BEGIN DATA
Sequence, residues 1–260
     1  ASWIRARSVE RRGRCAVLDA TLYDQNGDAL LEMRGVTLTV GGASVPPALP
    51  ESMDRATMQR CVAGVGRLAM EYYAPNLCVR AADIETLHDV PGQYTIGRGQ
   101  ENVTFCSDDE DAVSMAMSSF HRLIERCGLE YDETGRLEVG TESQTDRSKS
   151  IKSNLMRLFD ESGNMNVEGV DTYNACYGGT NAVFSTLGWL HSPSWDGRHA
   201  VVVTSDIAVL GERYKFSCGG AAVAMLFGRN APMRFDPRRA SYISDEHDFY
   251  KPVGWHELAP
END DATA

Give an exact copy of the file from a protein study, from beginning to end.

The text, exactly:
Sequence, residues 1–260
     1  ASWIRARSVE RRGRCAVLDA TLYDQNGDAL LEMRGVTLTV GGASVPPALP
    51  ESMDRATMQR CVAGVGRLAM EYYAPNLCVR AADIETLHDV PGQYTIGRGQ
   101  ENVTFCSDDE DAVSMAMSSF HRLIERCGLE YDETGRLEVG TESQTDRSKS
   151  IKSNLMRLFD ESGNMNVEGV DTYNACYGGT NAVFSTLGWL HSPSWDGRHA
   201  VVVTSDIAVL GERYKFSCGG AAVAMLFGRN APMRFDPRRA SYISDEHDFY
   251  KPVGWHELAP